When salespeople don’t perform at their best, leaders often point fingers at sales compensation or strategy – but these sorts of problems often stem from the company’s sales structure. Though it’s very important to craft a complex sales force structure that supports company growth, 9 out of 10 sales organizations are struggling to find the sales structure that best suits their particular needs.

Practically speaking, most organizations use some hybrid of the sales organization structures I’ll outline here, with sales force size and market segmentation serving as prime considerations. Every sales force structure has its own set of pros and cons, so it’s important to form a structure that supports your company’s goals.

Geographic Organizational Structure

This is also known as territorial sales force structure, and it means that the organization assigns each sales rep to a certain geographic area.


• Low cost
• Proper territory management leads to low geographic duplication of effort
• Low duplication of effort with customers (unless buyers are organizations that cross territories)


• Sales reps have a hard time developing product or market specialization (unless the organization commits to specialized sales forces allocated by geography)
Territory sizing can be a challenge, resulting in uneven revenue/opportunity across geographies

Product Sales Force Structure

In this alignment, the sales force’s area of responsibility is defined by the products or product groups, ignoring geographical lines.


• Sales reps develop product expertise
• Management can guide selling efforts


• Higher costs due to duplication of efforts within geographies and customer accounts
• Coordination required when more sales reps have the same geography/accounts

Market-Based Structure

This is also known as customer sales force structure, and it means that sales reps are grouped by customer or industry.


• Sales reps understand the needs of their customers and build stronger relationships
• Management control can be strategically allocated to different markets


• Higher costs
• Geographic duplication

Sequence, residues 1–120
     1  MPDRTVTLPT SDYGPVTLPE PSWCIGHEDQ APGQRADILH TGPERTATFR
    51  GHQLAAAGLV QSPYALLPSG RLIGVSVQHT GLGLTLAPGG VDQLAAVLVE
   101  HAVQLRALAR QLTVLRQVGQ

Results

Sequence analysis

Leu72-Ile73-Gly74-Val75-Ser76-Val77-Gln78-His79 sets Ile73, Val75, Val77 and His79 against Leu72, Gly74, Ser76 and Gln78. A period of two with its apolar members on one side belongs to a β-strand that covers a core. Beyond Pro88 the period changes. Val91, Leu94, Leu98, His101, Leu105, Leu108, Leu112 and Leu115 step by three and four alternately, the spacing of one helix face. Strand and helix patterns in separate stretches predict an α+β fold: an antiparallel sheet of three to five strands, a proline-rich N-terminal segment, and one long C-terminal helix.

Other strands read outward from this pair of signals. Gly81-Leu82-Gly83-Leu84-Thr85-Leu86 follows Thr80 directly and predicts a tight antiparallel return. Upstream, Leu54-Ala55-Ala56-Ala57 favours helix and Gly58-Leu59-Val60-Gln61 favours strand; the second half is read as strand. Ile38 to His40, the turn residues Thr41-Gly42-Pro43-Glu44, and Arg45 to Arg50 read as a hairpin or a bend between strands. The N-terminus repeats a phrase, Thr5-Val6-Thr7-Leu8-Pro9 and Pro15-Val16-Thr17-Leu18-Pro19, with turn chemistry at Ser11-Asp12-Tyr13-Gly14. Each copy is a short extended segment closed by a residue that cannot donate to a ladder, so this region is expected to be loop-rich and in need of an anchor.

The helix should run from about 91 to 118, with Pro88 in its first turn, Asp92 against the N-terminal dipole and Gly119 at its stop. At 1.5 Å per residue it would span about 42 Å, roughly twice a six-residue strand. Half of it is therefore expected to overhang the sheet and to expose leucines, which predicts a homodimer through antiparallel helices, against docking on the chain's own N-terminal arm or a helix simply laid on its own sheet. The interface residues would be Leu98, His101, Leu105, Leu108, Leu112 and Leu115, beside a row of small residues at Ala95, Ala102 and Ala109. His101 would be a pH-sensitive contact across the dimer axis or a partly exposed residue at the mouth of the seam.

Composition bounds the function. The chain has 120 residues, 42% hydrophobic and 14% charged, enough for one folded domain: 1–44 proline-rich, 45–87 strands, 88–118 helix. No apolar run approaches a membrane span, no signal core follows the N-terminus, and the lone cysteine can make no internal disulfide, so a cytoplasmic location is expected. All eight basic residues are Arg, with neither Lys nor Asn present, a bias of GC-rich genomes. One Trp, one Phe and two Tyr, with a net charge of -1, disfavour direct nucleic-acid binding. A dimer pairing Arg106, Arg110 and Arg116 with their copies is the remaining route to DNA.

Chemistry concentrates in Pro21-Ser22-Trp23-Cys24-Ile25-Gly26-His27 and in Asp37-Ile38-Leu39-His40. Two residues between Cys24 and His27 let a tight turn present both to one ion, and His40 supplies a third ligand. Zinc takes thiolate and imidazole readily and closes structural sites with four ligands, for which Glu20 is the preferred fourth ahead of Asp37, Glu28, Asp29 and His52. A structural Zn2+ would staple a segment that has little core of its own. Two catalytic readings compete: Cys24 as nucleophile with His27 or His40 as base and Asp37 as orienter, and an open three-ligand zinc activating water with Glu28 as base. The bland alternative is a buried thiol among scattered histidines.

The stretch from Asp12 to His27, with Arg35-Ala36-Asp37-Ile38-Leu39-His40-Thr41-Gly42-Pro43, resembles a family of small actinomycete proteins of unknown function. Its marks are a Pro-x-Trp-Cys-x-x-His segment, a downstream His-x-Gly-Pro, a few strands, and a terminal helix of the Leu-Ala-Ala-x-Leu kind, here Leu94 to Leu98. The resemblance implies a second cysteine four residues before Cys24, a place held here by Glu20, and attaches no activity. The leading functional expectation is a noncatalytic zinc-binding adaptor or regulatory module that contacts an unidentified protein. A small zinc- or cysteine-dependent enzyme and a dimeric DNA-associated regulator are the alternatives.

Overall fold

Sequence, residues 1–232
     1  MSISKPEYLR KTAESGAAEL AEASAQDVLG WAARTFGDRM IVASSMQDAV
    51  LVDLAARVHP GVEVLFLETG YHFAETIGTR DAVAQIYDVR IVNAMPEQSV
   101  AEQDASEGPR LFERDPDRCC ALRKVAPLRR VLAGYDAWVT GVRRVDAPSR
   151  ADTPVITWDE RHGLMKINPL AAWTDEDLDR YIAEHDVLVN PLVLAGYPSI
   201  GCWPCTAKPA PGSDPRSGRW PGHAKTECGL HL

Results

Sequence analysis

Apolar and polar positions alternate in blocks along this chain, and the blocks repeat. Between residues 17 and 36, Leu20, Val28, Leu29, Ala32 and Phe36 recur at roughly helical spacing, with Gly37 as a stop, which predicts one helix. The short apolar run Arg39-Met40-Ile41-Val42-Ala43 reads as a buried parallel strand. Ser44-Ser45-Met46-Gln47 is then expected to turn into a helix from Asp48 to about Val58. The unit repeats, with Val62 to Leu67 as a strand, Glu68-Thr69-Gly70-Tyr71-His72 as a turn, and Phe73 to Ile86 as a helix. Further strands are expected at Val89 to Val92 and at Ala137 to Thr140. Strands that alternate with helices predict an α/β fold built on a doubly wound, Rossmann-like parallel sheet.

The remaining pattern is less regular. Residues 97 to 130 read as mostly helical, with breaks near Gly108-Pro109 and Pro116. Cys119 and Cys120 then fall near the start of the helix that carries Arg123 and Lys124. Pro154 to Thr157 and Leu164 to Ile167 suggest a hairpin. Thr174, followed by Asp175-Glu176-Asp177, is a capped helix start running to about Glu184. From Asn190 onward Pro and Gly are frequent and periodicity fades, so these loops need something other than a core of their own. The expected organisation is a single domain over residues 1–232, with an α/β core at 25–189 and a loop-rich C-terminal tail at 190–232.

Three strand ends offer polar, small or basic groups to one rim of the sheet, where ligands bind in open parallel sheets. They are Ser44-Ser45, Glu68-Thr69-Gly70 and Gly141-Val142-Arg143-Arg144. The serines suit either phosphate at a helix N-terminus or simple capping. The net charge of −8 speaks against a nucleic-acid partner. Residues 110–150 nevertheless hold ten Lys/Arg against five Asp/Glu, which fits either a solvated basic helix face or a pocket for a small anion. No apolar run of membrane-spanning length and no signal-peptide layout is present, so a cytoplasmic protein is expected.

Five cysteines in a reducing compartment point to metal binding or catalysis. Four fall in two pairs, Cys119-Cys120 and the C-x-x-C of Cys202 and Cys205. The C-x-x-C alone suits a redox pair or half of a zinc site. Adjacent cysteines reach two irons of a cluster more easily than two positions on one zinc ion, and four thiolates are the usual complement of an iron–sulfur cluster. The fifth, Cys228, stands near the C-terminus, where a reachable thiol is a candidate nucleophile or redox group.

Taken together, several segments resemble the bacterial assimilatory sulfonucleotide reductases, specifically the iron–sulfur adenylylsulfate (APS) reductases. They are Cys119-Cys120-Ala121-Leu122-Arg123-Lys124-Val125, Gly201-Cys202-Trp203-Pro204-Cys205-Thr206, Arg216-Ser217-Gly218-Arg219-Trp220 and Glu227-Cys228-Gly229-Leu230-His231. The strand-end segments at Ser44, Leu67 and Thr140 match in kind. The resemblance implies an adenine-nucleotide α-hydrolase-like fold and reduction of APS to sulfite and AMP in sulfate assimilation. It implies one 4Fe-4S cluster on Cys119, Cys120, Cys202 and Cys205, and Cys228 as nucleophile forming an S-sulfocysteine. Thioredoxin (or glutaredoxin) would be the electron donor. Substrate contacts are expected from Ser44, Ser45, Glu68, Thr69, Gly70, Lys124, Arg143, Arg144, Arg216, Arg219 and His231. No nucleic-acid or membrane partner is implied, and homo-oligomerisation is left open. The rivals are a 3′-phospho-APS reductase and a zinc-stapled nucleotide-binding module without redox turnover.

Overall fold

Functional Structure

In this structure, responsibilities are divvied up according to everyone’s place in the sales process – inside sales, account managers, product specialists, and so on.


• More efficient selling activities


• Geographic duplication
• Customer duplication
• Greater need for coordination

Your Company Needs the Right Sales Structure

According to a Harvard Business Review survey, high-performing sales organizations have well-documented and explicitly structured sales processes. A clearly documented sales structure helps streamline the chain of command, and the increased transparency leads to more efficient decision-making.

Selecting the right sales force structure and documenting it thoroughly provides a host of organizational benefits:

  • Clarity of responsibilities across roles: sales reps know what responsibilities they have for different product lines and markets
  • Stronger coordination and communication: mobility for sales forces and increased time for actual selling
  • A more knowledgeable sales force: top sales reps are willing to share know-how
  • Improved decision-making transparency: sales managers share information on a regular basis and get faster buy-in when making changes
  • Reduced channel conflict and increased engagement: fewer disputes over new opportunities, more engagement towards achieving sales goals

Now you’re ready to start building the unique sales management structure that best fits your organization – helping you improve performance, adapt your sales compensation strategy, and drive sales growth.

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